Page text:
Simple DIY filtering proxy using Apache

Discussion in 'all things UNIX' started by Gullible Jones, Feb 23, 2015.

  1. Gullible Jones

    Gullible Jones Registered Member

    Joined:
    May 16, 2013
    Posts:
    1,461
    First off, big fat warning: be careful configuring Apache for any purpose. It is easy to goof things up and expose open ports to the whole Internet. If you don't understand what I'm doing here, then please don't try using this.

    Okay, that aside... I am currently running the following configuration as a local filtering proxy. Why? Because I got tired of slow, iffy browser extensions that don't quite work. I wanted something set-and-forget. Thus:

    Code:
    Listen 127.0.0.1:8144
    ProxyRequests On
    ProxyVia On
    
    # Deny all requests by default.
    <Proxy *>
     Order deny,allow
     Deny from all
    </Proxy>
    
    # Allow requests to some high-level domains. Hopefully this is a sane heuristic...
    # The optional part at the beginning is to accommodate unencrypted sites.
    # Fake sites (e.g. phishing) containing a top-level domain further along their URL
    # string SHOULD be blocked, but please don't put too much faith in this regex.
    <ProxyMatch "^(http://)?[a-z0-9-.]+\.(com|org|net|edu|gov|io)">
     Order deny,allow
     Deny from all
     Allow from 127.0.0.1
    </ProxyMatch>
    
    # Block a bunch of major online advertisers.
    # This is not even close to comprehensive, but knocks out most of the more
    # obnoxious and intrusive ads I've come across. I don't mind if the occasional
    # ad slips through, as long as it's not malicious or gratuitously annoying.
    <ProxyMatch "(adzerk|pagead|adserv|tribalfusion|exoclick|doubleclick)">
     Order deny,allow
     Deny from all
    </ProxyMatch>
    
    Note that I'm also passing HTTPS through the Apache proxy, since it's limited strictly to the local machine. As far as I can tell, this does not introduce any Superfish-like hazards, but don't be too sure; my methods are not very thorough.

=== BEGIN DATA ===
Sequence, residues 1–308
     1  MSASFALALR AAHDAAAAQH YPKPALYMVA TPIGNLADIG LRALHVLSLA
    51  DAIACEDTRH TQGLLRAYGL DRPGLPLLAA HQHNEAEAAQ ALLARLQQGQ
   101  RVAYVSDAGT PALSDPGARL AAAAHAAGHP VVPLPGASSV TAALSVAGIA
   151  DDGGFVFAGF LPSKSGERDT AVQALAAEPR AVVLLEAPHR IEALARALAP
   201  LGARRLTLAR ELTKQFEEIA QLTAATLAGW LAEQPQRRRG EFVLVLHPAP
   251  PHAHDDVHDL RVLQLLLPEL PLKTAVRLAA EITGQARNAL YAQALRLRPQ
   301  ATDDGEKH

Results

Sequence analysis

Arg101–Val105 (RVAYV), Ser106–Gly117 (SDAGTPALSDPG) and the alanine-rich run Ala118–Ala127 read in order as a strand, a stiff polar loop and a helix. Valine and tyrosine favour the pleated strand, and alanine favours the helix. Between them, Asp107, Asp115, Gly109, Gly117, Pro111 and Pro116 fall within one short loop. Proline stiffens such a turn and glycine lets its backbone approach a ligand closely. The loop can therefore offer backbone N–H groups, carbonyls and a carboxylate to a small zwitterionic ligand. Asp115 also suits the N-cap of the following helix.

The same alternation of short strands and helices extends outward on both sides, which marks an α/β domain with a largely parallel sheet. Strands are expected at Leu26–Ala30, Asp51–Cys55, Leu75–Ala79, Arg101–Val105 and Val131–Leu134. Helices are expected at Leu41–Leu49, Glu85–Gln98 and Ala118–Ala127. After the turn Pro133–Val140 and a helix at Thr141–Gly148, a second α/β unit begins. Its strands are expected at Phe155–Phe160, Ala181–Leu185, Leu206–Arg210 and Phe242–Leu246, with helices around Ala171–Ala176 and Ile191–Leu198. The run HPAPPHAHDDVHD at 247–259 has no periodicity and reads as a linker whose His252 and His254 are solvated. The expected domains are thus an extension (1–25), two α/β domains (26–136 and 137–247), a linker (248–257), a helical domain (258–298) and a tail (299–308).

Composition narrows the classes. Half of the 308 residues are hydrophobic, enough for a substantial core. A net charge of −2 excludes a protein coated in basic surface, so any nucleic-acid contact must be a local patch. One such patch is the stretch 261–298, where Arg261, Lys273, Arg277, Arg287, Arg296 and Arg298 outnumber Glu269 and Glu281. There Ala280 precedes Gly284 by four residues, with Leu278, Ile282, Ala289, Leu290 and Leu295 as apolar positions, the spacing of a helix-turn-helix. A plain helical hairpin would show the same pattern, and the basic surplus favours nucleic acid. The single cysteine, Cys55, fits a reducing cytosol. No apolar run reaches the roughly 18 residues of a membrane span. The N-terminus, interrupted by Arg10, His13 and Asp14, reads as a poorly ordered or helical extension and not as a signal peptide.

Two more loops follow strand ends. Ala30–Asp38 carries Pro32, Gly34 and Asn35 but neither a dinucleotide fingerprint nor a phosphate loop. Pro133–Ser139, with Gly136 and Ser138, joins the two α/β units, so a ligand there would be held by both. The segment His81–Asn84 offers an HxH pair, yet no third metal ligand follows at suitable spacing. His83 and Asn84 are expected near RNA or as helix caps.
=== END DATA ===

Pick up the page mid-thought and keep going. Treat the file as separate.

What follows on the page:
Other ideas:
    - Clever use of regexes could block unenecrypted versions of sites, or force redirects to the encrypted versions using mod_rewrite.
    - Somewhat less clever, but probably more effective: one could just blanket deny unencrypted HTTP, maybe with a few exceptions.
    - More clever: time-wasting sites could be redirected to more useful ones.
    - Content blocking of all sorts via URL matching regex. Might be more reliable for some things than for others though....

    And possible issues:
    - False sense of security, as always.
    - Possibly lag when initiating connections.
    - If a networking vulnerability is discovered in Apache, there might be trouble!
     
  2. fblais

    fblais Registered Member

    Joined:
    Jul 31, 2008
    Posts:
    837
    Location:
    Québec, Canada
    Cool.
    Can I can setup Apache on my linux partition to act as a proxy for linux itself?
    Or is it indended to be run on a separate PC to act as a proxy for another one?
    Or both scenario possible?

    Thanks again!
     
  3. Gullible Jones

    Gullible Jones Registered Member

    Joined:
    May 16, 2013
    Posts:
    1,461
    It was intended as the former. The latter could also be used.

    I would strongly advise against doing either, unless you have used Apache for a while and are familiar with it; no offense. For most users I would recommend setting up IPFire, or some other such router/gateway distro, and using the transparent proxy that ships with it.
     
  4. fblais

    fblais Registered Member

    Joined:
    Jul 31, 2008
    Posts:
    837
    Location:
    Québec, Canada
    Thanks.
    Not for me then. :)
     
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